A surreal discourse on India’s GDP crisis

Manasi Phadke | Updated on September 11, 2020

Jarring notes on the economy   - Yalanskyi

What would filmmakers, poets and the Gods have to say on happenings in the Indian economy?

The Indian economy contracted by 23.9 per cent in Q1 of FY21. While the news was expected, confirmation of the expectation led to the usual seismic shocks through the econ-scape of the country. The Government lost no time in declaring that the numbers would have been worse if not for their intervention. A super-steep V-shaped recovery was on its way! The Opposition was in top form, calling the Government ineffective and uncaring. The media simply exploded with anchors getting right into the debate of the shrinking GDP. So loud was the debate on news channels that the vibrations reached the heavens, disturbing the geniuses who were practising their art in peace.

The tragic hero of Indian cinema, Guru Dutt, sat up with a start. He had been following the story of the Kaagaz ke Phool, those ₹20-lakh-crore, rather with interest. “Oh no, don’t call it an Act of God, lady! After spending all that money, you get a 23.9 per cent contraction? The irony of it! We went into the severest lockdowns, overshot fiscal deficit targets, endured inflation to do what? To experience a GDP contraction together with becoming one of the biggest Covid hotspots in the world? Ah, humne toh bas kaliyaan maangi, kaatonka haar mila!”

Wah wah, Dutt Miya, very well put!”, said Mirza Ghalib. “I would have put it a little differently, of course. One of the worst-performing major economies — Bade be-aabru hokar tere kooche se ham nikle! India’sfiscal deficit in Q1 stands at ₹8.2-lakh crore, which is 103 per cent of the fiscal deficit budgeted for FY21. The Finance Minister claims that had the Government not quickly ramped up its spending, the growth rate contraction would be much worse. What a Ghalib kind of a thought — ke yoon hota toh kya hota!”

“Hmmm, the FM’s fiscal math is going awry. But, although I am a mathematician, I think she will benefit reading more of my story books rather than my maths books”, said Lewis Caroll. “I must tell the Indian FM to read Alice in Wonderland. In that book, she will get all the stuff she needs — ‘My dear, here we must run as fast as we can, just to stay in place. And if you wish to go anywhere, you must run twice as fast as that!’ What would say to that, Acharya?”

No, he was not referring to Viral Acharya, but Shankaracharya, who had come by to listen in to the discussions. “Brahman satyam, Covid mithya!” said the Acharya, causing a general furore in the gallery of the intelligentsia. “Really? Covid is an illusion, eh? How do you then explain the Covid research being done by the World Health Organization?” “WHO mithya, research api mithya! Don’t believe me?” asked the Acharya gently. “Ask Trump!”

That pushed John Maynard Keynes into action. American Presidents usually do. “Oh, when will Trump learn?”, he asked in despair. “In the long run, we are all dead. Haven’t I said that tirelessly? But the fellow is making sure that people will be dead in the short run itself! Oh, why can’t these people show some common sense?”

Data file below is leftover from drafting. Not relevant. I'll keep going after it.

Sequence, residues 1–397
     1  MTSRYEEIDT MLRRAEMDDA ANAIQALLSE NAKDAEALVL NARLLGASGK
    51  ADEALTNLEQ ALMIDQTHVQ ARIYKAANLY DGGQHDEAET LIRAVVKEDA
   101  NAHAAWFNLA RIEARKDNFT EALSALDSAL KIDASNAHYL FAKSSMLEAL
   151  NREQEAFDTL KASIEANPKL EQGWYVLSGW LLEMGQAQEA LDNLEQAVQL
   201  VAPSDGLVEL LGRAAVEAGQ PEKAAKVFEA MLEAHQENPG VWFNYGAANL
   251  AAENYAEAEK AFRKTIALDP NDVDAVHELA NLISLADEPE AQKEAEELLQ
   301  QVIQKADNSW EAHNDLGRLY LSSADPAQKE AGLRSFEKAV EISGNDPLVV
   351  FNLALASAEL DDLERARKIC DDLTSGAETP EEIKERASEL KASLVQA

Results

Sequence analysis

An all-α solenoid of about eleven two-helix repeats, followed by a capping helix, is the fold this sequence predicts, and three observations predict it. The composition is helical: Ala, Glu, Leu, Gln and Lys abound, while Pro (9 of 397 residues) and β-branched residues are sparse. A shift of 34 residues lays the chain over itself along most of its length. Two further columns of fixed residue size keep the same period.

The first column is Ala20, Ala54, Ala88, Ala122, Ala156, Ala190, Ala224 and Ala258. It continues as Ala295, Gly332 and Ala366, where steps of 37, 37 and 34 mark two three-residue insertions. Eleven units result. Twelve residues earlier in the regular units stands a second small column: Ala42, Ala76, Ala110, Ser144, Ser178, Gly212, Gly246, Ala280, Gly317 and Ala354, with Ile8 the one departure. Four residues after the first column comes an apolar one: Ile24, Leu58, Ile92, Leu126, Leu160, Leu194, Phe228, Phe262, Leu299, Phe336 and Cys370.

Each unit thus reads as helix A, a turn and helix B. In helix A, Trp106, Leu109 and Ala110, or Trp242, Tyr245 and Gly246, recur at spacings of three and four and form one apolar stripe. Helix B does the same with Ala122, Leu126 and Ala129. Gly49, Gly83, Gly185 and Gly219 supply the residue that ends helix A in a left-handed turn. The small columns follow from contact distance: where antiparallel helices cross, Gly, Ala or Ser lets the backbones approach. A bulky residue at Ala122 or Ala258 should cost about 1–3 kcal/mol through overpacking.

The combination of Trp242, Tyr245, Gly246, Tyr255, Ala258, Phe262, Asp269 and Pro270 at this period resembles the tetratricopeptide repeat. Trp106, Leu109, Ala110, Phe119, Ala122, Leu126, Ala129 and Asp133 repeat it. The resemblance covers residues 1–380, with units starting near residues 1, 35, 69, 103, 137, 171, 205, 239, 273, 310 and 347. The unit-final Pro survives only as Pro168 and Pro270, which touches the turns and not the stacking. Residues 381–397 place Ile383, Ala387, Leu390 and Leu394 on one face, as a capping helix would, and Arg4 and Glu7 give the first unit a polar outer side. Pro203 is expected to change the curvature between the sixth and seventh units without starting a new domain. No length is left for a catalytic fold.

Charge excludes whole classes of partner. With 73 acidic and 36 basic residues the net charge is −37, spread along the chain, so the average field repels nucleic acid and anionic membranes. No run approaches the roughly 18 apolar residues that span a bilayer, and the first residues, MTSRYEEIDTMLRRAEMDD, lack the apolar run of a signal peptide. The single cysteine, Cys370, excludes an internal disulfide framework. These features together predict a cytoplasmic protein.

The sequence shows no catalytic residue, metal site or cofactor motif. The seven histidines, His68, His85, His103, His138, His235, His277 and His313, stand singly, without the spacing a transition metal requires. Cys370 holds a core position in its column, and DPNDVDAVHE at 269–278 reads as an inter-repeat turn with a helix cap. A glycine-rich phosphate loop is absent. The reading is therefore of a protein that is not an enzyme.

Right on cue, George Bernard Shaw started, “The Scotch and the Irish leave you close to tears. Well, in America, they haven’t used it for years!”

“You are damn right on that one, Shaw! Coming to the Indian FM, she needs to go Keynesian. Announcing a ₹20-lakh-crore package, and then spending only ₹2-lakh crore. I never heard of such stuff! The multiplier associated with Government capital spending is what she needs to get going on. Even if there is limited leeway in terms of how much one can spend, she can definitely reflect on the composition of spending. Get that infrastructure pipeline going!” Keynes was in sublime English form.

“Perhaps, two roads diverged in a wood”, began Robert Frost dreamily. “They took the one less travelled by,” he said when Keynes cut in cleverly. “Yes, but has it made all the difference?”

“Perhaps, they are also thinking of the long run. Mr Keynes! Some of us do. It is also, errr, called far-sightedness, though some people like to call it monetarism”, said Milton Friedman in a dangerously silky tone. “Whilst advocating higher Government spendings, we tend to condone higher monetisation. Sure, it is indirect monetisation, but I have always maintained that policy needs to be judged by the results, and not by the intentions! Overly large fiscal deficits will imply loss of control over monetary policy, leading to price fluctuations in the long run. After all, inflation is always and everywhere a monetary phenomenon!”

“Absolutely!”, agreed Karl Otto Poehl, the Bundesbank monetarist. “Inflation is like toothpaste. Once it’s out, you can hardly get it back in the tube again. Be wary of too many of those notes!”

“Notes! Ah, music is not in the notes, but in the silence between!” sighed Mozart, prompting an icy silence between the economists. The bespectacled wise old man shifted, suddenly restless. What should I promise the bearer of my note, he seemed to be thinking.

The writer is a Pune-based economist

Published on September 11, 2020

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